|Points per Game||24.6||15th|
|2022 Vegas Win Projection||9.5||13th|
The Tennessee Titans finished the regular season with the best record in the AFC Conference and earned a first-round bye with a 12-5 record. They would lose to eventual AFC Champion Cincinnati Bengals in a gritty turnover-filled game, 19-16.
The Titans lost key pieces WR AJ Brown, WR Julio Jones, and DB Janoris Jenkins. They replaced those pieces with WR Robert Woods, WR Treylon Burks, and TE Austin Hooper. The Titans didn’t have any major coaching staff moves and should be ready to try and repeat as AFC South champions. This team is looking very identical to 2021 and should look to be a little better with Henry back and more weapons on the offense.
|Passing Yards per Game||201.1||24th|
|Passing Touchdowns per Game||1.3||19th|
|Pass Attempts per Game||31.5||25th|
The Titans’ passing attack last year was asked to step up after Derrick Henry went down last season. Ryan Tannehill, AJ Brown, Julio Jones, and a ragtag group of receivers took the Titans to a first-place finish and a playoff bye. Tannehill stepped up last year; whether he’s given credit or not, he was without Brown for four games and Julio for six. Propelling the team at times with a mix of Jeremy McNichols, Nick Westbrook-Ikhine, and Chester Rogers.
In 2022 the Titans have let Julio go and have shipped Brown off to the Eagles. In their place, they received the 23rd overall pick, which they turned into Arkansas stand-out Treylon Burks. The Titans also sent a 6th-round pick in 2023 to the Rams for Robert Woods, who is coming off a torn ACL in 2022. Another acquisition that should help elevate the teams passing game is the addition of Austin Hooper. This team passed the ball 51.4% of the time, and I don’t think that’ll vary too much this year. I do think they have more weapons, and if the plan isn’t to run Henry into the ground, then some of these guys will be worth drafting this year.
|Rushing Yard per Game||141.4||5th|
|Rushing Touchdowns per Game||1.35||3rd|
|Rushing Plays per Game||32.4||1st|
Last season the Titan ran the ball the most and had Derrick Henry on a 465 carry pace. Unfortunately for the Titans, Henry went down in Week 8 with a broken foot. Donta Foreman and Dontrell Hilliard took over and helped propel this team into the playoffs. This year the Titans drafted Hassan Haskins in the fourth round to take over for Foreman as Henry’s main backup. The Titans ran the ball 551 times in 2021, and I don’t expect them to change up the game plan. With Henry’s latest injury, I do expect the Titans to try and make Hilliard and Haskins take on more of the workload in 2022. Making them good players to draft late.
Austin Hooper, TE
Austin Hooper is two years removed from his breakout season in 2019 with the Atlanta Falcons. This past offseason, the Browns decided to release Hooper and give him a shot to be the guy in Tennessee, where he has signed a one-year, six-million-dollar contract. In Tennessee, Hooper will have plenty of opportunities in this new-look offense that’ll try and move on from their loss of AJ Brown. Hooper has never had 100 targets, 1,000 yards, or ten touchdowns in a season. So I’m not expecting a full-on breakout season in 2022, but with 148 targets vacated between Anthony Firkser and AJ Brown. I think we can safely say that Hooper has sleeper potential in 2022.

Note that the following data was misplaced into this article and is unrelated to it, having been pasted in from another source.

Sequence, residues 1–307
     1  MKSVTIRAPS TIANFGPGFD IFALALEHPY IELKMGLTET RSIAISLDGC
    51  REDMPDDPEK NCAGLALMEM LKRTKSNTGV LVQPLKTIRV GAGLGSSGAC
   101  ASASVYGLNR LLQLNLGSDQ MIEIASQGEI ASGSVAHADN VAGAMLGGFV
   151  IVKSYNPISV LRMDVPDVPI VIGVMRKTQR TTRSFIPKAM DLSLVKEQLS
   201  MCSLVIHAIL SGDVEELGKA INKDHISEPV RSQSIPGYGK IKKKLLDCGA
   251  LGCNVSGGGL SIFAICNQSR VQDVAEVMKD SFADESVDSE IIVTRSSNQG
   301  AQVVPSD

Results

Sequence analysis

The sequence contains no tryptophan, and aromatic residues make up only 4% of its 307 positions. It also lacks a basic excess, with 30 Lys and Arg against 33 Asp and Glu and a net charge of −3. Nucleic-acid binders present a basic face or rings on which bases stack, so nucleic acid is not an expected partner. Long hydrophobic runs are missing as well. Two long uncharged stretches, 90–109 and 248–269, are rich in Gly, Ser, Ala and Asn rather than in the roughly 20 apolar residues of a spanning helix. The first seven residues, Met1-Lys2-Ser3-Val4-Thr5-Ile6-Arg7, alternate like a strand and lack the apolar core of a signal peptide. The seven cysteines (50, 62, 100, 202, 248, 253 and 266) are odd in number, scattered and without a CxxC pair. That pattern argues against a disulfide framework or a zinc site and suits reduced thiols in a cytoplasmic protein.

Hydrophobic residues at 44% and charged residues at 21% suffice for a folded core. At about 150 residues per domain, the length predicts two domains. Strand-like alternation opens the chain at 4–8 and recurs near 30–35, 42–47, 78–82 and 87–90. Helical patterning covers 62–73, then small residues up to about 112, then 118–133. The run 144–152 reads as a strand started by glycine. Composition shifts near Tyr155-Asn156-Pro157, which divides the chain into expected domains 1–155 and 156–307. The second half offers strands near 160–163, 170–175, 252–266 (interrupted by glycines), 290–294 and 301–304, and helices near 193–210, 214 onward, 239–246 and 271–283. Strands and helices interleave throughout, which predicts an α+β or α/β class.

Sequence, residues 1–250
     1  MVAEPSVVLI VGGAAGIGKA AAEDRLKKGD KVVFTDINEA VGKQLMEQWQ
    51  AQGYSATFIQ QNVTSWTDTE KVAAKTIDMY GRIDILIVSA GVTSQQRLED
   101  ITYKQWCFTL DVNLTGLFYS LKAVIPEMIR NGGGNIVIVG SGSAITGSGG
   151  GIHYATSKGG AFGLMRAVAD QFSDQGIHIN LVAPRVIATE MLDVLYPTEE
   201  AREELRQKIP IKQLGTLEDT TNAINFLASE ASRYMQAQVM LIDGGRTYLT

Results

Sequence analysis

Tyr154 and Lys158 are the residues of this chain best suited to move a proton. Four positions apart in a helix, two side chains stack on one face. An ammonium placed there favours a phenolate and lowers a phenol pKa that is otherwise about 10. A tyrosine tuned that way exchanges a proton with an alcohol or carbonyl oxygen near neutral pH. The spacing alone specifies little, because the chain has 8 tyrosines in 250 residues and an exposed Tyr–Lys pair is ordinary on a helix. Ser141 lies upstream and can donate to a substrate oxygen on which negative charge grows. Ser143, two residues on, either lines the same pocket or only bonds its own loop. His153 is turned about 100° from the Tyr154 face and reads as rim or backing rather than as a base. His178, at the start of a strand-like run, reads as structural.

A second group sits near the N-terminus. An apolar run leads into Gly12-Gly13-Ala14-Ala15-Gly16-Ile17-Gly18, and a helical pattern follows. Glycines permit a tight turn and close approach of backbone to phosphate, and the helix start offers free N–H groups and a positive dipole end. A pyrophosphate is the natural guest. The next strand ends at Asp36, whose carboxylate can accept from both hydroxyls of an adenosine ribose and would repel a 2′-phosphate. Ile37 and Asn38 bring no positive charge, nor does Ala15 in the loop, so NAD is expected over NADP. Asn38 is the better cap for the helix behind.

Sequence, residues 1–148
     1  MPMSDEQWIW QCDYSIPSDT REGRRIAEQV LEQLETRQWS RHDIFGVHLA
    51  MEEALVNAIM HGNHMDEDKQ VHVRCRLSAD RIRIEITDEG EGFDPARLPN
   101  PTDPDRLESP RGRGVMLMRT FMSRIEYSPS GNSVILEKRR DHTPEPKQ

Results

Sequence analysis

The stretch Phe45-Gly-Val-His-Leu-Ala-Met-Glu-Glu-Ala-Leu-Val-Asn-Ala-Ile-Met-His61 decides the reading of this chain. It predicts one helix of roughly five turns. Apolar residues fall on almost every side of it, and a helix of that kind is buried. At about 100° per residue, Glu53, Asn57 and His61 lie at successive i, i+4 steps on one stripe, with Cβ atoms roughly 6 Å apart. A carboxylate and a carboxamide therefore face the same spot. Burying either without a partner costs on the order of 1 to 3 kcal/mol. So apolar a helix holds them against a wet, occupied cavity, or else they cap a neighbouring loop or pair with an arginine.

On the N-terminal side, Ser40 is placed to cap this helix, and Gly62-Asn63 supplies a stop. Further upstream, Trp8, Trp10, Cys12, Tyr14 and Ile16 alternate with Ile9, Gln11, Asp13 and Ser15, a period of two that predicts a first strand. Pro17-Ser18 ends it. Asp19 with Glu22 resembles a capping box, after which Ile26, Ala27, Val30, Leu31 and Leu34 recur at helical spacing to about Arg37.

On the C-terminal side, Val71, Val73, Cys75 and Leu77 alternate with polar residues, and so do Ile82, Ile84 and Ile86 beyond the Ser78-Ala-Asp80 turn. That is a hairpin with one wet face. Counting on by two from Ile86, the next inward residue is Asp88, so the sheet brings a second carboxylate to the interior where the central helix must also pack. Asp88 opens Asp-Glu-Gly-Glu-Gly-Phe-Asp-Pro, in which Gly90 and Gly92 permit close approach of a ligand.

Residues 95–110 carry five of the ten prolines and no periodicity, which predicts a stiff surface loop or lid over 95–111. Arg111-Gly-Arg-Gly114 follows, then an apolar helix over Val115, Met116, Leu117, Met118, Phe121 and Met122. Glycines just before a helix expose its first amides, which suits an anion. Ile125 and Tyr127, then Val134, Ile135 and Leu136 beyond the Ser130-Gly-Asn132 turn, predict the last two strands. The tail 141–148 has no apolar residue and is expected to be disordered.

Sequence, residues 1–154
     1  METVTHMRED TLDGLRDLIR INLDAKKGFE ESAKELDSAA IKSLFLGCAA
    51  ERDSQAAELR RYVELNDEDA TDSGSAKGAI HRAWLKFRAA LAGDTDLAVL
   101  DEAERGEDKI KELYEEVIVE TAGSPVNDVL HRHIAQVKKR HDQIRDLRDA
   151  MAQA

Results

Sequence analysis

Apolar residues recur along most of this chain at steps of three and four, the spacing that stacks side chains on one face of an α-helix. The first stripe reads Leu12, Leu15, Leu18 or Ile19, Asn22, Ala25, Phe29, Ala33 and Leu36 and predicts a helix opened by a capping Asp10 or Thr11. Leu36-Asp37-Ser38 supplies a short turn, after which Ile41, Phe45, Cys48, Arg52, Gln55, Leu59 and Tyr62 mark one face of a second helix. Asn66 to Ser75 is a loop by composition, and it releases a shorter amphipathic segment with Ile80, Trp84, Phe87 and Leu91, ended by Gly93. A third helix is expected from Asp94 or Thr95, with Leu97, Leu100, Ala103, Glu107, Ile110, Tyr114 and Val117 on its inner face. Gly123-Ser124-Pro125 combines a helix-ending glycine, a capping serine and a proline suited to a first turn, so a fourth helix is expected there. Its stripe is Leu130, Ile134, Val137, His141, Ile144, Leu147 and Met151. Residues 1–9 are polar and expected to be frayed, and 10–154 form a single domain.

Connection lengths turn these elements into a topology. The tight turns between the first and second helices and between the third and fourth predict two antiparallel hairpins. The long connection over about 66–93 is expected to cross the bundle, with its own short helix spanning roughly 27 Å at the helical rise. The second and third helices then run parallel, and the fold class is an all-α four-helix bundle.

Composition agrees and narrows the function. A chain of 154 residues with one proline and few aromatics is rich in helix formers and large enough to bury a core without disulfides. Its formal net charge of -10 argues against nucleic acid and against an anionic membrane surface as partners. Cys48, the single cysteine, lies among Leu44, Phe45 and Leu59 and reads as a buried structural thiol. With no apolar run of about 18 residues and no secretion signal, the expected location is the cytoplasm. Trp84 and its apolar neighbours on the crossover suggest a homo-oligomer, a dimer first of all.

Hassan Haskins, RB
Hassan Haskins out of the University of Michigan is my deep sleeper this year, with Derrick Henry returning from the broken foot injury. In his Junior year at Michigan, Haskins was a monster running for 1,458 scrimmage yards and 20 total Tds on 288 touches. Haskins is in a position where he can be the handcuff in an offense that ran the ball 551 times (most in 2021), even with Derrick Henry missing half the season. Last year D’onta Foreman had 533 yards and three Tds in his backup role with the Titans.
Treylon Burks, WR
Treylon Burks is the heir apparent to AJ Brown for the Titans after being selected with the pick they received from the Eagles for Brown. During workouts, Burks has been seen as “out of shape” and not conditioned to play football. According to former Razorbacks Coach Sam Pittman, “I’m assuming he didn’t go in there in great shape. It’s the same way when he was a sophomore,” when talking with 3HL on 104.5 The Zone. While I expect him to get in better shape, I do
There seems to be a problem in Tennessee, and I think Burks being one of the first rookies taken off the board will be a mistake for Redraft leagues. While the volume should be there for Burks, trying to hit on a rookie wide receiver is hard. Since 2018 we’ve had great classes of wide receivers that litter our top 24 ranks, but only seven of them have hit in the top 24 during their rookie year. In other words it’s hard to predict that unicorn receiver that just picks up the playbook and style of the NFL and takes off.
Feature image by Michael Packard (@CollectingPack on Twitter)/Photography by Jeffrey Brown, David Rosenblum + Leslie Plaza Johnson/Icon Sportswire